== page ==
It’s like wearing a SCUBA diving mask so you can see below the surface more clearly. This is an essential quality for a leader, a supervisor, an investigator, a patrol officer, or even a parent to possess.
So much of what we do in the leadership and law enforcement arenas deals with behavior. (more…)
Like many things in life, even our character can get out of balance. For instance, the character qualities of Attentiveness (showing the worth of a person, idea, or task by giving it my undivided concentration) and Alertness (being aware of my surroundings so I can have the right response) must remain in balance. If I am so focused on you that I fail to notice a fire starting in the corner of the room, my character is out of balance. In the same way, if I am so hyper-vigilant that I cannot focus on you and what you are saying, my character is out of balance. The same thing applies to Truthfulness (earning future trust by accurately reporting past facts) and Discretion (avoiding words, actions, and attitudes that could have undesirable consequences). I can be so truthful that I unnecessarily hurt the feelings of a friend or reveal information that could place someone else in jeopardy.
Recently, I gave a character recognition to one of my colleagues with the International Police Coordination Board (IPCB) for his Availability (making my own agenda secondary to those I serve) and Dependability (fulfilling what I consented to do even if it means unexpected sacrifice). He later told me that these character qualities often get him in trouble because he spends so much time helping others that he neglects his own work. Then, he has to take his work home and neglects time with his wife and family. His character is out of balance. His Availability and Dependability are HUGE character qualities that define who he is as a true man of integrity. But they must be balanced with Discretion and Attentiveness.
Shortly after I took office as Sheriff of Dorchester County, we experienced a tragic crime. An armored-car was hi-jacked and one of the guards brutally murdered. Due to an intense investigation and some top-notch forensic work, we were able to identify the murderer and successfully prosecute the case.
Right after the jury came in with their verdict, I sought out my Detective Sergeant (now a Lieutenant) who had handled the crime scene and forensic portion of the case. I knew the conviction was largely due to his efforts and I wanted to recognize him for a job well-done.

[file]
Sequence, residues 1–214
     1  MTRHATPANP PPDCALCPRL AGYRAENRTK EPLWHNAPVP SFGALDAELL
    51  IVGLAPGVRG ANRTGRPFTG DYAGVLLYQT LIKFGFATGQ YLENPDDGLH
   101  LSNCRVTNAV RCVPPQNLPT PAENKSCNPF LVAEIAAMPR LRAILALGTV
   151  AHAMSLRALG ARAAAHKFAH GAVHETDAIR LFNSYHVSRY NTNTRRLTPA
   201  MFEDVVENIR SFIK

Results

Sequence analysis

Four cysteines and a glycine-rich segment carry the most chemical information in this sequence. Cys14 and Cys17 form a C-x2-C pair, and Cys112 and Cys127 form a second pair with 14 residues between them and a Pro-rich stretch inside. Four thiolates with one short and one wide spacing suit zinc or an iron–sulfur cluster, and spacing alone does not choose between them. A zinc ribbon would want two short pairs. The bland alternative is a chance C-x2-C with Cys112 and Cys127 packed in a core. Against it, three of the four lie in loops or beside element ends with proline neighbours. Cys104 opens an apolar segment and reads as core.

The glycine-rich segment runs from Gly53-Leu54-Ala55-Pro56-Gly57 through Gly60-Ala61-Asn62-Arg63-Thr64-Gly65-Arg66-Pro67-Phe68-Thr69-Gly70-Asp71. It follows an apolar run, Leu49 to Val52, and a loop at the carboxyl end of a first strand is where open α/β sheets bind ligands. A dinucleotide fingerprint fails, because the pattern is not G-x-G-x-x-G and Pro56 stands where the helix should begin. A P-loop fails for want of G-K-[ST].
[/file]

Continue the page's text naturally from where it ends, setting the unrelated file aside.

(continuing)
So I found him out back of the courthouse and went up to praise him as any good Sheriff should. But instead of praising him for his achievement (gaining the conviction), telling him “good job,” or “keep up the good work,” I praised him for three character qualities. By “pitching” these character qualities, right across the plate so he could catch them, I made the “character connection” and ensured that I sent the right message.
Gaining the conviction was the achievement–the fruit. Character qualities like attentiveness, thoroughness, and diligence were the seeds that produced the fruit. If you focus on the fruit and neglect the seed, you can produce a bad crop. It’s the Law of the Harvest. According to our Character Maxim, if you focus on achievement to the exclusion of character, you encourage bad character.
Watch this short video excerpt from the Police Dynamics Video Training Series as I demonstrate how to use character-based praise to encourage high achievement.
Do you remember your first pursuit? Most police officers do. They can turn out really good or they can turn out really bad. As law enforcement leaders, we can use character-based praise to help minimize the potential disasters associated with high-speed police pursuits.
In this short clip from the Police Dynamics Video Training Series, I use the story of a Rookie’s Pursuit to illustrate just how important it is to praise the character that produced the achievement rather than the achievement itself.
In this illustration, the Rookie exercised the character quality of self-control:
rejecting wrong desires and doing what is right.
His self-control is what kept his own emotions in-check and maintained his composure so he could make good decisions under pressure.
purposing to accomplish right goals at the right time, regardless of the opposition.
Watch this heart-warming video of a young girl whose determination allowed her to overcome an incredible obstacle in order to reach her goals in life.
Click here to download the full list of the 49 character qualities and their definitions.
Perceiving the true attitudes and emotions of those around me.
Think about it from a street survival perspective for a minute. Perceiving the true attitudes and emotions of a criminal suspect can be the difference in life or death. We call it “street savvy” or “street sense,” but the character quality of sensitivity can give you more protection on the street than your ballistic vest…!
(Which I am grateful to have when I am roaming around the streets of Afghanistan…)